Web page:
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Old Wives Tales: Women’s Fairy Tale Art and Literature

By Terri Windling

“There exists a European convention of an archetypal female storyteller, ‘Mother Goose’ in English, ‘Ma Mere l’Oie’ in French, an old woman sitting by thefireside . . . . Obviously, it was Mother Goose who invented all the ‘old wives’ tales,’ even if old wives of any sex can participate in this endless recycling process, when anyone can pick up a tale and make it over. Old wives’ tales — that is, worthless stories, untruths, trivial gossip, a derisive label that allots the art of storytelling to women at the exact same time that it takes all value from it.”-— Angela Carter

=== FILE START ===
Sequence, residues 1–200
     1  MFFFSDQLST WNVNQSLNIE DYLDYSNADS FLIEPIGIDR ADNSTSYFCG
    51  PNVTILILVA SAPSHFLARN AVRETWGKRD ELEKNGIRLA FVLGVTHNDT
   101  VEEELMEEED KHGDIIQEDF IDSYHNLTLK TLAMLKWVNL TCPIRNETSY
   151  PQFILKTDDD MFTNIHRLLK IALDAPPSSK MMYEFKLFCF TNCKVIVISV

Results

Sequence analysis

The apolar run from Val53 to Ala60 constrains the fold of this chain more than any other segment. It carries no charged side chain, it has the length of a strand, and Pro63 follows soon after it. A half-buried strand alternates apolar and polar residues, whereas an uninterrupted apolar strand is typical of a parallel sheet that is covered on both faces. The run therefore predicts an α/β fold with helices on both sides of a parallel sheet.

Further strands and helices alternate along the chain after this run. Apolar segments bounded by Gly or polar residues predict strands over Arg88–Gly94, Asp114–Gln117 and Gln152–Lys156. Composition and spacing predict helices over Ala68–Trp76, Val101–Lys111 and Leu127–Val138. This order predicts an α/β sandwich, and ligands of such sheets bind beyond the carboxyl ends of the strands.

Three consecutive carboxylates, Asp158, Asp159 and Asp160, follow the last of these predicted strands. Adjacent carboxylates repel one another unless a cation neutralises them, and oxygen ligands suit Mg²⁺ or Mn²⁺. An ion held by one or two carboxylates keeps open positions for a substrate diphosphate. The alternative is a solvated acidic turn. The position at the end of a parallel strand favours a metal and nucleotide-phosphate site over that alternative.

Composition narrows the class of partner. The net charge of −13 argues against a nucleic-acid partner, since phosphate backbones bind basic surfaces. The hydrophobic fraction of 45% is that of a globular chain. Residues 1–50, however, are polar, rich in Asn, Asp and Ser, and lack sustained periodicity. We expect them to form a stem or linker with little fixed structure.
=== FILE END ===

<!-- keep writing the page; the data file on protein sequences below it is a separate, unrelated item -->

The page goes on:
Many scholars over the last century have attempted to define why fairy tales and magical stories can be found in virtually every culture around the globe. Some scholars view magical tales as pre–scientific attempts to explain the workings of the universe; others see in them remnants of pagan religions or tribal initiation rites; still others dissect them for symbolic portrayals of feminist or class history. The most fascinating thing about fairy tales is that there is some truth in all these different views. There are many ways to interpret the old tales, whether as allegory or metaphor, as art or simple entertainment. No single deconstruction of a fairy tale is “correct,” no single version of a tale is the “true” one. The old tales exist in many different forms, changing and adapting from culture to culture, from generation to generation. The tales themselves are shape–shifters: elusive, mysterious, mutable, capable of wearing many different forms. This fact is at the core of their power, and is the source of their longevity. It is also what makes them such useful tools for women artists, writers, and storytellers.

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